Genetic Diversity of Tick-Borne Rickettsial Pathogens; Insights Gained from Distant Strains
Sebastián Aguilar Pierlé1,*, Ivan Imaz-Rosshandler2, Ammielle Akim Kerudin3, Jacqueline Sambono4, Ala Lew-Tabor3, Peter Rolls4,Claudia Rangel-Escareño2 and Kelly A. Brayton1
Program in Genomics, Department of Veterinary Microbiology and Pathology, Paul G. Allen School for Global Animal Health, Washington State University, Pullman, WA 99164-7040, USA.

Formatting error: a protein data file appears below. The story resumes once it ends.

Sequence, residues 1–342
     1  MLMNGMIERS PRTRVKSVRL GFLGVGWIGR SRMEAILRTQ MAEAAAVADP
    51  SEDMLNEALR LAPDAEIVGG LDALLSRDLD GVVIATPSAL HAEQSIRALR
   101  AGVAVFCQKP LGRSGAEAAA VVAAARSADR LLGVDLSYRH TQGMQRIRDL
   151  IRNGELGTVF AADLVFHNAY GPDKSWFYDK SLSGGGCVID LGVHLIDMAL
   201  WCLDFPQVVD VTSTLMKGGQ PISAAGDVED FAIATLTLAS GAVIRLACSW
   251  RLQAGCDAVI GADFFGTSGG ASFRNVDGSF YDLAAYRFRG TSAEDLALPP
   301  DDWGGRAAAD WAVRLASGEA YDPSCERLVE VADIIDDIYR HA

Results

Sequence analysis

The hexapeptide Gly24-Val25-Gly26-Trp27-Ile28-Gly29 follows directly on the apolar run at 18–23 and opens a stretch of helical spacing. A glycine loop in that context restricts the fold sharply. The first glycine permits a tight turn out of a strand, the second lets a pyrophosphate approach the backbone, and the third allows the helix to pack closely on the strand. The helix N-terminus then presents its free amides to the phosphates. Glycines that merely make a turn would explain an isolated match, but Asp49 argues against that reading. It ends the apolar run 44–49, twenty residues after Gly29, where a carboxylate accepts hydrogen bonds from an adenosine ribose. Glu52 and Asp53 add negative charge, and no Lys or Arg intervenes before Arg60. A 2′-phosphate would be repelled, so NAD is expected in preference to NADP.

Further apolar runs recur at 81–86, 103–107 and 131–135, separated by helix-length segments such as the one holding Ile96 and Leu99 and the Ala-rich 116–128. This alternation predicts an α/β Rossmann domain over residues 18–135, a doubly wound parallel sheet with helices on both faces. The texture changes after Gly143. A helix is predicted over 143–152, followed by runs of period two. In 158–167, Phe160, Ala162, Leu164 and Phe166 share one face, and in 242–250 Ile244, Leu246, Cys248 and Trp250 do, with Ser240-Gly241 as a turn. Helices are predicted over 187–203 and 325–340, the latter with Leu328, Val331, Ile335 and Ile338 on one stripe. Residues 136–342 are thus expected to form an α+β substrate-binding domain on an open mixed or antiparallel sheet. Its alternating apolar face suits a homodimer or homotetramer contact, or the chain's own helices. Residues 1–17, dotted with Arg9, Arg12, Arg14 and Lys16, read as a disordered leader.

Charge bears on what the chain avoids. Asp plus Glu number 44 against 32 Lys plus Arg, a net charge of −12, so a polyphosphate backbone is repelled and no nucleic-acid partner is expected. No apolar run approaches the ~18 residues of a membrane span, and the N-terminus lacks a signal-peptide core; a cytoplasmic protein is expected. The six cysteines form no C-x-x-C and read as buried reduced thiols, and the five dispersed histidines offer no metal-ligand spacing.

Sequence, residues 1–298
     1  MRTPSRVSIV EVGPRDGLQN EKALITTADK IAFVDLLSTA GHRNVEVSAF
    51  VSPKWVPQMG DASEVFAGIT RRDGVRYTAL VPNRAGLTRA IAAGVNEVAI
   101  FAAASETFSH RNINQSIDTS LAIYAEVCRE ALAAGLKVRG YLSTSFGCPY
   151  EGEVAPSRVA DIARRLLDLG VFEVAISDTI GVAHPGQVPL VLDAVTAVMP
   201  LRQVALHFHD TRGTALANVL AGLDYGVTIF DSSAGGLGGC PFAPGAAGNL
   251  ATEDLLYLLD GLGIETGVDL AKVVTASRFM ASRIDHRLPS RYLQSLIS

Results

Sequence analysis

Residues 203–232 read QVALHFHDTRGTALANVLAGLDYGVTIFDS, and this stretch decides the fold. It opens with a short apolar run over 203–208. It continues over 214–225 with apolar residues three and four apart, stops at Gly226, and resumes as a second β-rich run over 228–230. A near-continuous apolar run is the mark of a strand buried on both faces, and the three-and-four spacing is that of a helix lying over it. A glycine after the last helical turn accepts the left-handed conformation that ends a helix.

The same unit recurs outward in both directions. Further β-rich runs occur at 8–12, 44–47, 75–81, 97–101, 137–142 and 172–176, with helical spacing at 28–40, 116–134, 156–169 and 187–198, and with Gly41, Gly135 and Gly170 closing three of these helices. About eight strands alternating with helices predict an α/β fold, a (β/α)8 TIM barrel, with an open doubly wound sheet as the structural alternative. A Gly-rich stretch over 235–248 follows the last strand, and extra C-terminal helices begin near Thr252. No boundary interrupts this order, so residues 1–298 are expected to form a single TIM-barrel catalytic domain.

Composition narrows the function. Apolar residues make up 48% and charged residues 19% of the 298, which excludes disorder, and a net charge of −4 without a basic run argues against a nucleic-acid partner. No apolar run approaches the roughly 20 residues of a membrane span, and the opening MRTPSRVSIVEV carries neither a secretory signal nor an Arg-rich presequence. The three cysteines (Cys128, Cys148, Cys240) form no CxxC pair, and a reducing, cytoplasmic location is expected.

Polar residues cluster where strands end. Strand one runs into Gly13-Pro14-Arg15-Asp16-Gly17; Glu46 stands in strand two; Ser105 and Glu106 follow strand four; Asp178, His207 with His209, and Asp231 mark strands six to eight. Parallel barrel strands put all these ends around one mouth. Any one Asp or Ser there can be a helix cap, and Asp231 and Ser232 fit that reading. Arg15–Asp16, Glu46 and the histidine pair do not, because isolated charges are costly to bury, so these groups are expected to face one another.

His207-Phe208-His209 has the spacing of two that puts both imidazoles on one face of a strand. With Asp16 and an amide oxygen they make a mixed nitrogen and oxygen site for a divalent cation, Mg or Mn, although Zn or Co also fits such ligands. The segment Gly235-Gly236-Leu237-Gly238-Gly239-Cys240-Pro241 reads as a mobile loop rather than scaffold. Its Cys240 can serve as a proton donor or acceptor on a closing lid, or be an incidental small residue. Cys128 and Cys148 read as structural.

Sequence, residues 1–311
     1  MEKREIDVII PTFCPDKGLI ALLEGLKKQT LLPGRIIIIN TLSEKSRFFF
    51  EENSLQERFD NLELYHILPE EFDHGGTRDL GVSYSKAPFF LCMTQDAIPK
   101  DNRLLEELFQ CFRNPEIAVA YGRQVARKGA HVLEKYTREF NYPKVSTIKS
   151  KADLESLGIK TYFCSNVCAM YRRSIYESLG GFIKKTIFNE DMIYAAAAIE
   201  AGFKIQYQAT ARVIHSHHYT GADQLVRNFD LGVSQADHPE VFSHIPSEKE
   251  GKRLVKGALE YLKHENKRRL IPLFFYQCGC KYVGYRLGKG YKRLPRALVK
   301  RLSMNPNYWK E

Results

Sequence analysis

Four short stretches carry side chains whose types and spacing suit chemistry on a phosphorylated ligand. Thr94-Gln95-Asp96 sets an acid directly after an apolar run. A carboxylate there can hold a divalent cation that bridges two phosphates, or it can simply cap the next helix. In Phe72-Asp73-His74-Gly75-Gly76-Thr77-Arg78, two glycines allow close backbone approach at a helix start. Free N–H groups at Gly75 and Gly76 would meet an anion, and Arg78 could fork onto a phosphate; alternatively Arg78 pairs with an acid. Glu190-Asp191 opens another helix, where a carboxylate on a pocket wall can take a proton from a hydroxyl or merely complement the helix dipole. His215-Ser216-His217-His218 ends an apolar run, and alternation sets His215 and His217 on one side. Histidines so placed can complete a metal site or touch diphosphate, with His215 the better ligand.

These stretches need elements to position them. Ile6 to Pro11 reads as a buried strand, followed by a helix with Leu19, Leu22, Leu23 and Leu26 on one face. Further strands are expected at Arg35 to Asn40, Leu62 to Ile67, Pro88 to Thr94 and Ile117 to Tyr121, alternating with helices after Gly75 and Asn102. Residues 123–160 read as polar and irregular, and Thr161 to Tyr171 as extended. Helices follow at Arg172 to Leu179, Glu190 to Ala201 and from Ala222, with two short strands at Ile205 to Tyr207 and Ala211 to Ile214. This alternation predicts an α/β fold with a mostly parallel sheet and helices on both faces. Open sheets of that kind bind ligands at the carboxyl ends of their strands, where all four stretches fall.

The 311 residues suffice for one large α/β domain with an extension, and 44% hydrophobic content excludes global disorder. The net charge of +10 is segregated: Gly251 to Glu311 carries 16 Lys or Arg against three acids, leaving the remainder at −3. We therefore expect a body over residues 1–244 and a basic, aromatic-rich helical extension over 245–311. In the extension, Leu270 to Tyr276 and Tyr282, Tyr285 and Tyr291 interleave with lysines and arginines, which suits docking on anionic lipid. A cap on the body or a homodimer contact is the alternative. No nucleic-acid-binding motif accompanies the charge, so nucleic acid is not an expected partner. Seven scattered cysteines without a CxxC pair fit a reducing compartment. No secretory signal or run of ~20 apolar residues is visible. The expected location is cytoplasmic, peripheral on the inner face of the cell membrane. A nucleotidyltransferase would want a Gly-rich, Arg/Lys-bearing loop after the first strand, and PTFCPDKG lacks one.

The ability to capture genetic variation with unprecedented resolution improves our understanding of bacterial populations and their ability to cause disease. The goal of the pathogenomics era is to define genetic diversity that results in disease. Despite the economic losses caused by vector-borne bacteria in the Order Rickettsiales, little is known about the genetic variants responsible for observed phenotypes. The tick-transmitted rickettsial pathogen Anaplasma marginale infects cattle in tropical and subtropical regions worldwide, including Australia. Genomic analysis of North American A. marginale strains reveals a closed core genome defined by high levels of Single Nucleotide Polymorphisms (SNPs). Here we report the first genome sequences and comparative analysis for Australian strains that differ in virulence and transmissibility. A list of genetic differences that segregate with phenotype was evaluated for the ability to distinguish the attenuated strain from virulent field strains. Phylogenetic analyses of the Australian strains revealed a marked evolutionary distance from all previously sequenced strains. SNP analysis showed a strikingly reduced genetic diversity between these strains, with the smallest number of SNPs detected between any two A. marginale strains. The low diversity between these phenotypically distinct bacteria presents a unique opportunity to identify the genetic determinants of virulence and transmission.